Monday, December 04, 2006

TV For The Least Attentive

I was watching an episode of Frazier recently, a programme I hugely enjoy. And one line at the end almost spoiled the whole programme for me.

The show was the one where Lillith's con-man brother [I forget his name so I'll call him Bob] arrives in Seattle in a wheelchair claiming he has been paralysed in an accident, has found God and is now a preacher.

Frazier spends most of the show as the only guy not taken in by him. Then after receiving a call from Bob's doctor[whom he has been trying to contact to disprove Bob's story] he has to come to the conclusion that Bob is telling the truth. Riddled with guilt he whips Bob's congregation into a giving frenzy and promises to match their donations.

In the final scene in Frazier's apartment Bob says his goodbyes and wheels himself out the door. Seconds later Frazier opens the door to see....the vacated wheelchair. He'd been conned.

Funny stuff. Almost ruined by one line. Just before he leaves, Bob says to Frazier ''And thanks for making your donation in cash, it's much easier to give to the poor'' or something similar.

And that spoiled it. Up 'til then the viewer had suspicions that it was a con. On that line the suspicion was confirmed. Before the climax. Bad, Bad, Bad.

Bear in mind the previous scene was all about the donations and Frazier coughing up. So

A ] Was there really any point in reminding the viewer of this a scene later?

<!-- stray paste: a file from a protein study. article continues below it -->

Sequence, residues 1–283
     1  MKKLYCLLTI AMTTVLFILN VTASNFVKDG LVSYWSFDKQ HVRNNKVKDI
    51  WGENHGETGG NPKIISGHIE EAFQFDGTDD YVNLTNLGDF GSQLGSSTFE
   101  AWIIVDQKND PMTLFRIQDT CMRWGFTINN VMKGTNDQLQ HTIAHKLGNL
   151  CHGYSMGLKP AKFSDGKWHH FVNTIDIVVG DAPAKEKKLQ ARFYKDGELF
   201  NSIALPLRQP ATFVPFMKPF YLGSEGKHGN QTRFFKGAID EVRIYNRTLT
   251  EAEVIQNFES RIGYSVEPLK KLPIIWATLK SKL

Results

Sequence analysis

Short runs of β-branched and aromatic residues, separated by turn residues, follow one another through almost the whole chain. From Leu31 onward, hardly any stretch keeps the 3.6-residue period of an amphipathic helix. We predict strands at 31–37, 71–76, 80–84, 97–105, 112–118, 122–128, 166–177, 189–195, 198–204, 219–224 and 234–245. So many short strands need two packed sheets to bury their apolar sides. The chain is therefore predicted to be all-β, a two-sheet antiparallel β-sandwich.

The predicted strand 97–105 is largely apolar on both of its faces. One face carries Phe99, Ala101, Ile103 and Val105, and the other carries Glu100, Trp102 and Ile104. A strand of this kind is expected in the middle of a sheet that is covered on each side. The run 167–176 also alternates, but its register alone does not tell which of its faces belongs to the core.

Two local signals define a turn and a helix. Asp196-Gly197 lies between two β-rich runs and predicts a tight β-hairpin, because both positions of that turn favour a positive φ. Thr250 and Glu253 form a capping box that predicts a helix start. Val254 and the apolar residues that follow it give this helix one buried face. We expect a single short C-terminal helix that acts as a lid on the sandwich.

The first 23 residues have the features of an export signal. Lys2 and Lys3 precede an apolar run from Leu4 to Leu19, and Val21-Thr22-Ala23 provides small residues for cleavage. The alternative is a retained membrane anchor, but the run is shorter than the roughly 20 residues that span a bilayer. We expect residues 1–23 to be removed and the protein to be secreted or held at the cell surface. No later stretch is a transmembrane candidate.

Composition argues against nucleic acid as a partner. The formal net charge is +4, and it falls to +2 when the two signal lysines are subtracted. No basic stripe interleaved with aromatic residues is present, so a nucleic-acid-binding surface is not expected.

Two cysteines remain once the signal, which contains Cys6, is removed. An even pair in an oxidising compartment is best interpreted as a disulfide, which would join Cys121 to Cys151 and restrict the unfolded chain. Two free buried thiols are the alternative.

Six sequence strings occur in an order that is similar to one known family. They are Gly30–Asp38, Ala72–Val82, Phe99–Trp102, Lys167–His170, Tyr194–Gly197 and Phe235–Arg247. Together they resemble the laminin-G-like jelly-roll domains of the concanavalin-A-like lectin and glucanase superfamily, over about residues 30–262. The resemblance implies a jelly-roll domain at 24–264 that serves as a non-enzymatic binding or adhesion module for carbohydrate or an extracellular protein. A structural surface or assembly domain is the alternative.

B] Was there any need to structure the line so that it virtually gave the game away?

To me the answer is ''only if you believe the viewer has the intelligence and memory of a goldfish''

And that happens a lot on UK TV too. Audiences are spoon fed motivations and emotions and plot reminders. I suspect mostly at the behest of execs and editors more than writers. And to me that is both patronising and shows a lack of understanding of what will play rather than what is written.

A few years ago when on a show I objected to some exposition/explanation that my notes asked me to put in. I didn't think it was necessary or desirable. It went as far as the exec producer. Here's what he told me '' People are only watching the show with one eye while they are doing the ironing or putting the kids to bed, it helps to have reminders for them''
I didn't agree with it then and I still don't. Listen mate, if your show isn't engaging enough to hold someone's attention then you ain't making a very good show. In fact constantly repeating and spelling out plot points and motivations is more likely to turn more people into grazers rather than viewers.

Making TV geared mostly for the least attentive is like making pop records geared mostly towards 12 year old girls. Damaging for the industry in the long term.

And by the way, in that same episode of Frazier, he got Bob's doctor's number from directory enquiries and tried several times to phone him without success but left messages. Then he gets a call from the doctor confirming Bob's condition. Fair enough. So.....the call didn't come from the doctor but one of Bob's fellow con artists? The doctor was in on the con?

You know what? I don't care. It's not important. It played! Thank God they didn't feel the need to explain it to us. Though I suspect it probably was until some one with sense cut it out.

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